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Understanding the environment: Complexity and chaos
Understanding the environment: Complexity and chaos

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Activity 5E: Developing your own system dynamics diagram

In this activity the aim is to practice system dynamics diagramming as a means to visualise the interaction between stocks and rates as part of a systemic understanding of a complex situation.

Activity 6

For this activity, I would like you to focus on a few components which you will need to choose from the sign graph you developed in Activity 4A. This can be an entirely paper-based exercise – you do not have to use NetLogo (or a graphics software package) to draw your system dynamics diagram. To construct the diagram proceed as follows:

  • i. Sketch out a system dynamics diagram with one of your chosen components as the ‘central’ stock.
  • ii. Name the rates that cause an increase and a decrease in the stock level.
  • iii. Now, identify at least two other stocks which influence the input rate and/or the output rate.
  • iv. Finally, identify (by drawing links) and describe (verbally and/or mathematically) the relationships between these stocks. Are there any positive and negative feedback loops?

Now for the reality check. For at least the central stock, collect trend data. This does not necessarily have to be numerical – graphs will be fine. There are several excellent sources of global and national trend data online, including the World Resources Institute’s EarthTrends [Tip: hold Ctrl and click a link to open it in a new tab. (Hide tip)] . You may encounter significant challenges for this part of the activity – the measurement of trend data is highly dependent on the definition attributed to a particular stock or rate. For example, some of the data you will come across will only represent a subset of what you are looking for – limited to a particular geographical region or sub-topic of your particular area of interest. You will therefore need to develop more precise definitions for your stocks and/or accept less accurate data.

You should choose at least a 50-year time span for your stock(s). Obviously, the greater the time span, the more you can infer about the relationship between the stocks. If you cannot find all the required data you can ‘estimate’ some values, as long as the variations over time make sense. Use this data to explore the dynamic changes in the stock(s) over the time period you have selected by roughly sketching one or more graphs. Now answer the following questions:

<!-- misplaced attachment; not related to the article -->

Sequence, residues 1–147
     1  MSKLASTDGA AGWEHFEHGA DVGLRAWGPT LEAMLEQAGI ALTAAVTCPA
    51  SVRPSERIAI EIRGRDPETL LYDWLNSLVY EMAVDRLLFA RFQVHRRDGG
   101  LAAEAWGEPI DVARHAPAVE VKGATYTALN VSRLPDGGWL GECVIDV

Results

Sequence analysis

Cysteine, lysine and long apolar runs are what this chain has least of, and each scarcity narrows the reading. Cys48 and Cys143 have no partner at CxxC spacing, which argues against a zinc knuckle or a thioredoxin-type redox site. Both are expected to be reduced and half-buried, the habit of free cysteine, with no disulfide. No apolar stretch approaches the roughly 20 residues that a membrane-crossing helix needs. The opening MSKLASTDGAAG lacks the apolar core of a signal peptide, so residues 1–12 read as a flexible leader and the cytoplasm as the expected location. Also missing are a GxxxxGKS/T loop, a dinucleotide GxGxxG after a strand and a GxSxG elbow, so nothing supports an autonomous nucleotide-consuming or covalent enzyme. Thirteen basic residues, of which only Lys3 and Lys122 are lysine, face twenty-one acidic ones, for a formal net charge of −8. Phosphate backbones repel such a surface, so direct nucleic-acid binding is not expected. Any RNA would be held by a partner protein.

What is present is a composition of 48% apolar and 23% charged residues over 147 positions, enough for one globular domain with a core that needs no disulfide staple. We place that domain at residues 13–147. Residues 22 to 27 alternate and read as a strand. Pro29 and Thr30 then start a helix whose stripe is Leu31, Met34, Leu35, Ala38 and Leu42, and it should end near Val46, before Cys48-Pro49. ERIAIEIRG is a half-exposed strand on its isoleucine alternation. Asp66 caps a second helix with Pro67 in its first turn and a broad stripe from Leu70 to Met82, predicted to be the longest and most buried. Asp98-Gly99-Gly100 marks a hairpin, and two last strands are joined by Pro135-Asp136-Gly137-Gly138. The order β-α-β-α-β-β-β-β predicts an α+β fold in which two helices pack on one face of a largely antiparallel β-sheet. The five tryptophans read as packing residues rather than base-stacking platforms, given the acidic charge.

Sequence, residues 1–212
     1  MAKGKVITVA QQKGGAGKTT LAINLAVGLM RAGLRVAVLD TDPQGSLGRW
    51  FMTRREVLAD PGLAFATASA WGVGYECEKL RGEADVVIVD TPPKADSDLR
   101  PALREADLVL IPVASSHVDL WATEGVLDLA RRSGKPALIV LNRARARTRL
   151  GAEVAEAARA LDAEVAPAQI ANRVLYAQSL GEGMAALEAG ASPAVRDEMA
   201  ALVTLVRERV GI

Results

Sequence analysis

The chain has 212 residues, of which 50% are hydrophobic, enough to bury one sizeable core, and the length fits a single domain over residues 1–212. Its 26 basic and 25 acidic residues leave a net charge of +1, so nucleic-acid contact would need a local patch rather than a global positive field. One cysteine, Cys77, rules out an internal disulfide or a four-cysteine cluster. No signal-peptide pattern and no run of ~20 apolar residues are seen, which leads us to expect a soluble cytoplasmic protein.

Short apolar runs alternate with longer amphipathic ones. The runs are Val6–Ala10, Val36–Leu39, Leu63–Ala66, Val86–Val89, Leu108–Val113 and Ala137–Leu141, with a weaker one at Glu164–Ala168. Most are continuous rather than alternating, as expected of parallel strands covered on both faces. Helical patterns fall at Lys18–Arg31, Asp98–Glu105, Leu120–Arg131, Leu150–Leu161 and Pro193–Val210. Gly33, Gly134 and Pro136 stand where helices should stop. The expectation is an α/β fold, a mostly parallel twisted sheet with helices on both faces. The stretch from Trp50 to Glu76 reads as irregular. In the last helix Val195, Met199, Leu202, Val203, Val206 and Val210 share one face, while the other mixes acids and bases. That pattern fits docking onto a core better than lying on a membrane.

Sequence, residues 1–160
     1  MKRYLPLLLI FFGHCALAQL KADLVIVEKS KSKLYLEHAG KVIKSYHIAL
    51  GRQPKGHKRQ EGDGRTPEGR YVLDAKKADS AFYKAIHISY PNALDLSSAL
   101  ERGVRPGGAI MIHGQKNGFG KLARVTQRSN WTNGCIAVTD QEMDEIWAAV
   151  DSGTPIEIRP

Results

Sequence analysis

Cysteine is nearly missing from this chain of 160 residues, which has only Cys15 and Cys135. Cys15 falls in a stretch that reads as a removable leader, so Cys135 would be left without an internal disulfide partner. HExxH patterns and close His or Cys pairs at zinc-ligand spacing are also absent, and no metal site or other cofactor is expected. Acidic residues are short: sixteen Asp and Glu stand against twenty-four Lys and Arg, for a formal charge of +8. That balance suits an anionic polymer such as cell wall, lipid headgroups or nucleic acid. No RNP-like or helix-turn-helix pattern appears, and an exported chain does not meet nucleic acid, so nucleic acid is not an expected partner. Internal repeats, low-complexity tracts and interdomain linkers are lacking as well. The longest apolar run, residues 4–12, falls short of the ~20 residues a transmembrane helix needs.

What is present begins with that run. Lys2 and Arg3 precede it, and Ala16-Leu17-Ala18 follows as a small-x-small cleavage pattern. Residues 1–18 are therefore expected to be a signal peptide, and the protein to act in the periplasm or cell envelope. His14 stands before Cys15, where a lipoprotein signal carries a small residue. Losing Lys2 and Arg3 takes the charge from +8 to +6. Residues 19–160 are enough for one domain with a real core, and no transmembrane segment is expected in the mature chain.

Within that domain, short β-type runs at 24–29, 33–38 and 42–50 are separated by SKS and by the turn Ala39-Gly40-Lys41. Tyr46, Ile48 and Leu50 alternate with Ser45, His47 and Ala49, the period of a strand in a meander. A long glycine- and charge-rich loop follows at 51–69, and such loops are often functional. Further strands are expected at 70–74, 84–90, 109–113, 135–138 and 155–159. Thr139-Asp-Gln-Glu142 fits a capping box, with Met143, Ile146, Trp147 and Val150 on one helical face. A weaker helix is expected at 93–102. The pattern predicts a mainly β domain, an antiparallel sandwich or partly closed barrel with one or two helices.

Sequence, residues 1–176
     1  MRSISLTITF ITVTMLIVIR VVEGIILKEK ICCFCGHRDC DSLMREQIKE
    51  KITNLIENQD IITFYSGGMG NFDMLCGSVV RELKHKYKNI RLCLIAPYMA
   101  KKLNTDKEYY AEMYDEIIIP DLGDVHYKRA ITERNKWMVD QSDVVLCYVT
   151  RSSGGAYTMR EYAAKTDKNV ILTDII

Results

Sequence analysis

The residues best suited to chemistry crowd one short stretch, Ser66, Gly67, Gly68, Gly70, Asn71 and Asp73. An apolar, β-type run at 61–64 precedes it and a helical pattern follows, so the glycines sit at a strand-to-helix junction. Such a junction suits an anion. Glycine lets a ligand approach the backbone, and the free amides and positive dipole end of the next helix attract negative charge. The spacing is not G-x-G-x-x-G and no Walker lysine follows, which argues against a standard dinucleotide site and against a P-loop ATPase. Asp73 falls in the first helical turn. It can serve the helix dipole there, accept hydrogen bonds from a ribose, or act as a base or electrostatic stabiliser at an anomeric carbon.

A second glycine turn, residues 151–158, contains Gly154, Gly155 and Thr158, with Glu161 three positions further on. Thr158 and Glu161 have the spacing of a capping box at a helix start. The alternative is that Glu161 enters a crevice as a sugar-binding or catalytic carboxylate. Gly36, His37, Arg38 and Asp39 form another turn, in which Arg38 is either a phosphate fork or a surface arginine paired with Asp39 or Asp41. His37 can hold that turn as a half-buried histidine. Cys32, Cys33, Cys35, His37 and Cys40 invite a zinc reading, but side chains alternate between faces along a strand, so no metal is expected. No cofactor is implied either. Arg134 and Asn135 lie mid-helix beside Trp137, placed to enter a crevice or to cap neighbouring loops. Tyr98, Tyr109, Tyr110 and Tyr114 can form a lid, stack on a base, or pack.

1. What trend do you notice in your stock(s)?
  2. Is there constant or exponential growth or decrease at some stage in the dynamics?
  3. Is there a levelling off occurring?
  4. Can you detect oscillations in the stock(s)?
  5. What does this tell you about the feedback loops in operation?

Answer

This activity is very much a comprehensive visual, verbal (and mathematical) modelling exercise of the behaviour of a complex dynamic system over time. The system dynamics diagram, the graphs, verbal and/or mathematical descriptions of the stocks, rates and their relationships, and how these change over time all contribute towards a systemic understanding of the complex situation of your choice.

Since I have already explored a complex situation – the interplay between human population and biocapacity – by developing a system dynamics diagram and associated verbal and mathematical descriptions in the previous activity, I thought it would be interesting to find trend data to support my simulation. There is a wealth of information on human population dynamics on the internet (e.g. http://www.eoearth.org/ article/ human_population_explosion ) and all the trends support the very first part of my simulation output i.e. an exponential growth in human population. However, data to support the subsequent simulation behaviour is more difficult to find. I therefore chose to focus on one of the few historical accounts of population collapse which has been directly correlated to biocapacity overshoot: Easter Island. The following is an account compiled from a variety of sources.

When Captain Cook landed on Easter Island in 1774, during his exploration of the south Pacific, he found a tribe living in desperate conditions surrounded by great monuments; evidence of a once prosperous and technically advanced civilisation. When these Polynesian people first arrived on Easter Island, in the 5th century, they found a land covered in lush forests and fertile valleys. Over 1000 years these resources fuelled a great cultural flourishing, resulting in the population growing to an estimated 7000 people and the construction of prodigious monuments.

Recent archaeological evidence shows that the last trees were harvested around 1550. The sudden disappearance of their primary resource resulted in a dramatic implosion of the Easter Island civilisation with population numbers crashing to as low as 3000 in just a few decades. Without the trees the islanders could no longer cook efficiently, build houses, and protect their fragile topsoil. In his diaries, Captain Cook recorded that the now primitive population lived in makeshift reed huts or caves, and were engaged in cannibalism in order to supplement their limited food supplies.

Some researchers (Rojstaczer et al., 2001) have estimated that humans are currently appropriating between 10% and 55% of the products of terrestrial photosynthesis, the fundamental basis for life on earth. The problem now is that humanity may be reaching the global limit of such exploitation. Although population growth is predicted to stabilise during this century, there is no sign of an equivalent stabilisation in the per capita consumption of biocapacity. Can we rein back from the current overshoot to avoid collapse? This is the question which you will be exploring in the next section.